News - 11.24.2020

Association of Industrial Laser Users – Datum Article

The Association of Industrial Laser Users interview Ross Howard - European Business Development Manager at Datum Alloys

Laser Users
Ross Howard




Q. Can you tell us a little about your history and Datum Alloys?

I joined Datum in April this year as part of the company’s vision to develop business in our existing markets and explore new opportunities utilising our laser capabilities.
Having trained as a precision engineer, I moved into the sales office and since then have worked in sales and operations roles for a variety of engineering and manufacturing companies in sectors from tooling, through electronics and more recently electrochemical marking, dot peen and laser marking systems.

Datum Alloys is an SME, based near Totnes in Devon and also has facilities in the USA and Singapore. Datum was founded in 1993 and was subject to a private equity supported buyout in 2019 lead by directors Pete Anniss, Ian John and Ben Widger.

Our core business is the supply of stainless steel foil used in the electronics industry to manufacture stencils for Surface Mount Technology (SMT) printed circuit boards.
Supplying around 70% of the European market and approximately 50-60% of the US & Mexico market, Datum provides foils cut to length using our bespoke 301 and 304 grade stainless-steel, developed by Datum specifically to service this market.

Q. How do you use lasers and what type do you use? 

We have a coil fed, 500 W fibre laser with a cutting capability of 700mm wide. We currently use our laser to cut sheet to length whilst simultaneously laser cutting a border hole pattern around the outside edge of the sheet used in tensioning systems by the screen printers. These sheets are automatically removed from the laser on a conveyor and stacked ready for dispatch meaning the process lends itself to lights out operation.

Typically, our foils are in the region of 0.1 to 0.3 mm thickness and it is also possible to machine steps and micro features into the sheet using our CNC milling machine creating multi-level blank stencils used where PCB’s require micro differences in solder height to accommodate small and large components on the same PCB.

Our bespoke laser system was supplied as a customised solution by an integrator and was specifically configured to suit our stencil border hole business. More recently we have used it to cut a range of parts up to 0.5 mm thick for a wide range of industries and applications from shims, optical components, sheet foils for heat insulation, battery connectors and machine components.

We can laser cut bespoke parts to customers designs and left tabbed in the sheet these can be stacked in the same way our foils are. Alternatively we can break the parts free and ship them as individual components, ready for application depending on the customers specification.

Q. What markets are you looking to address?

Besides the stencil foils we also supply other products like solder wave pallet material and battery strips and connectors utilising our thin metal handling expertise. As Business Development Manager, I am looking to find new markets that match well with our manufacturing capabilities and laser cutting is one of the targeted areas for expansion. We already have an established market for our standard battery strips but I see an opportunity for bespoke battery tags to suit an ever developing battery market.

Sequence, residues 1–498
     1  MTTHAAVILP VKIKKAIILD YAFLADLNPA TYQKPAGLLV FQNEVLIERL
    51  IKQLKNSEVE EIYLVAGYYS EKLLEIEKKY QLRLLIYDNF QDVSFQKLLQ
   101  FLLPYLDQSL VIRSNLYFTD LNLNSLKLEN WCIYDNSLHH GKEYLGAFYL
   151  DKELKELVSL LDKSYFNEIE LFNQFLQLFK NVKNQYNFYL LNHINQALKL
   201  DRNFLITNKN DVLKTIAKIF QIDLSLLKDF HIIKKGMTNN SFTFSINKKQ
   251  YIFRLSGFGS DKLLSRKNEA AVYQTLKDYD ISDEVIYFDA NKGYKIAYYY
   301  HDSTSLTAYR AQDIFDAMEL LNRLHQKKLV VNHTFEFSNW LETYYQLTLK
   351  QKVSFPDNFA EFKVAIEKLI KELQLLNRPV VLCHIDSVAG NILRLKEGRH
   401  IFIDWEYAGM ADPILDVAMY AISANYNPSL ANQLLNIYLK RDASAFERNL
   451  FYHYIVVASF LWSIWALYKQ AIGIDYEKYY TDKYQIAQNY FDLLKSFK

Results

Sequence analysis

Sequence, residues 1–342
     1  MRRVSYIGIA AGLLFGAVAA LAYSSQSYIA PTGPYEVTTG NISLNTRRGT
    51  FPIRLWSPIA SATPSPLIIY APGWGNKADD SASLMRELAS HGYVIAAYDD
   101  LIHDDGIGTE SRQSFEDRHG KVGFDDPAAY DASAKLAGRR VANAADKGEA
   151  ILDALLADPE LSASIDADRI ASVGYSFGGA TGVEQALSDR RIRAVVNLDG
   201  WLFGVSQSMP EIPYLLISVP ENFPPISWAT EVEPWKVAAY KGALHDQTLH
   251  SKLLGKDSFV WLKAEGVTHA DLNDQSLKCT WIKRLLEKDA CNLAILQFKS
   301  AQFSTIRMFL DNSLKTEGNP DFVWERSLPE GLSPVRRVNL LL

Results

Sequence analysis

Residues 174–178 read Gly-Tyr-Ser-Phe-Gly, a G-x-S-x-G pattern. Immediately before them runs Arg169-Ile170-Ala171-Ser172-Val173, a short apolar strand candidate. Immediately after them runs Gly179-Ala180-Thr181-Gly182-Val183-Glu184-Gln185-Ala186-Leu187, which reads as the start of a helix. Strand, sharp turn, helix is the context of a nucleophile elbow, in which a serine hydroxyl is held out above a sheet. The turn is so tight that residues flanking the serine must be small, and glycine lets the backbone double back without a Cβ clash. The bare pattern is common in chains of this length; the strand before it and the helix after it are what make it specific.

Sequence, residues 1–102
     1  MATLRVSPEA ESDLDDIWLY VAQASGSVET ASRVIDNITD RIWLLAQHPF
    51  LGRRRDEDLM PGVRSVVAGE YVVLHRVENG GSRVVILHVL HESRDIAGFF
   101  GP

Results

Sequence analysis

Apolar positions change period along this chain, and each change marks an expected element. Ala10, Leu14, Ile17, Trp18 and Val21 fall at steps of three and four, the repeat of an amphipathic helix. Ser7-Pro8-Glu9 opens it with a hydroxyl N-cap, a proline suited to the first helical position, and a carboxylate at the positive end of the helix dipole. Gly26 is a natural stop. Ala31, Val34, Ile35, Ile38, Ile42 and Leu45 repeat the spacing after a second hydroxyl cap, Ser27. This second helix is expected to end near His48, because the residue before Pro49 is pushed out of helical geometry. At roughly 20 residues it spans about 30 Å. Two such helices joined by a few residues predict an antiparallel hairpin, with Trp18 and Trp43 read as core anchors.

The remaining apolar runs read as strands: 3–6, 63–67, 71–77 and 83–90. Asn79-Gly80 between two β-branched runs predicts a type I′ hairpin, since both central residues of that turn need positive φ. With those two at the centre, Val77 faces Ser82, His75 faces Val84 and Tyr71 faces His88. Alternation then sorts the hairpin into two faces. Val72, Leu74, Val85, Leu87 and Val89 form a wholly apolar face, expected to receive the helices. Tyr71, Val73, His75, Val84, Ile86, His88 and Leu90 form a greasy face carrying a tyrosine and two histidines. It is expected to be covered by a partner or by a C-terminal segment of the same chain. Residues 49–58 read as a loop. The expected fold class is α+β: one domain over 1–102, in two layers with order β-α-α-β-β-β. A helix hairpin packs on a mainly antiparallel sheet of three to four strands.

With the relative low cost of laser manufacturing compared to tooling costs for stamped parts, lasers lend themselves perfectly to lower volume production, research and development and prototyping. Once a concept has been proved and greater volumes are required there is a possible transition to moving to our stamping partners and producing tooling for stamped parts or running the laser lights out to produce the parts in volume. The flexibility of laser cutting suits many companies and we can respond quickly to variations of geometry and changes in design. We offer 24-48 hour turn around on orders meaning we are able to respond quickly to customers looking for rapid delivery.

Q. How are you coping with the major upheavals as a result of COVID-19 and Brexit?

For some time now we have been preparing for Brexit. We have a clear plan and we don’t feel that we are at undue risk of disruption. We have recently moved into a new building and we have made sure it is Covid-secure. We ensure our production staff are socially distanced and many of the office staff are working remotely.

I am pleased to say we have not had to furloughed any staff or make any redundancies, instead we have been running at similar capacity to that of pre-lockdown due to many of our customers versatility servicing demands from new markets in medical and technology. We are grateful that we haven’t seen any significant impact to our revenue stream.

Q. What is the best thing about AILU for you?

AILU is recognised as an association with a wealth of industry experience and connections and our hope is that we can raise awareness of our company and our laser material processing capabilities through AILU to the wider community.

We are looking for network opportunities including 1st and 2nd tier supply and we also hope as a member we can draw on the associations extensive knowledge base to help us develop a greater understanding of laser cutting and laser technologies. We are constantly learning and developing new methods and techniques to optimise our lasers capabilities and we are excited to see what the future brings.



Association of Industrial Laser Users –